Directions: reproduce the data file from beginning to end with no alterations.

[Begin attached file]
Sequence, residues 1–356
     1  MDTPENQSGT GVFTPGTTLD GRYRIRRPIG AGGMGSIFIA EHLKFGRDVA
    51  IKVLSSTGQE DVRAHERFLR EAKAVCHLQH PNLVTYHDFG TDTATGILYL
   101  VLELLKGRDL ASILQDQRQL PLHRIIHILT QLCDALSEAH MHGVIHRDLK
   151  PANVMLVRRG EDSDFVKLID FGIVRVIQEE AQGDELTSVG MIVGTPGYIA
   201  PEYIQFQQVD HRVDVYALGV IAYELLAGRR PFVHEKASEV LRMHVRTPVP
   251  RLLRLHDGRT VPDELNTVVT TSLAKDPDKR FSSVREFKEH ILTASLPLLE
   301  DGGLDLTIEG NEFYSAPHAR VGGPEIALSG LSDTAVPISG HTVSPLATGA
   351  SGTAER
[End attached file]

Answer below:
Sequence, residues 1–356
     1  MDTPENQSGT GVFTPGTTLD GRYRIRRPIG AGGMGSIFIA EHLKFGRDVA
    51  IKVLSSTGQE DVRAHERFLR EAKAVCHLQH PNLVTYHDFG TDTATGILYL
   101  VLELLKGRDL ASILQDQRQL PLHRIIHILT QLCDALSEAH MHGVIHRDLK
   151  PANVMLVRRG EDSDFVKLID FGIVRVIQEE AQGDELTSVG MIVGTPGYIA
   201  PEYIQFQQVD HRVDVYALGV IAYELLAGRR PFVHEKASEV LRMHVRTPVP
   251  RLLRLHDGRT VPDELNTVVT TSLAKDPDKR FSSVREFKEH ILTASLPLLE
   301  DGGLDLTIEG NEFYSAPHAR VGGPEIALSG LSDTAVPISG HTVSPLATGA
   351  SGTAER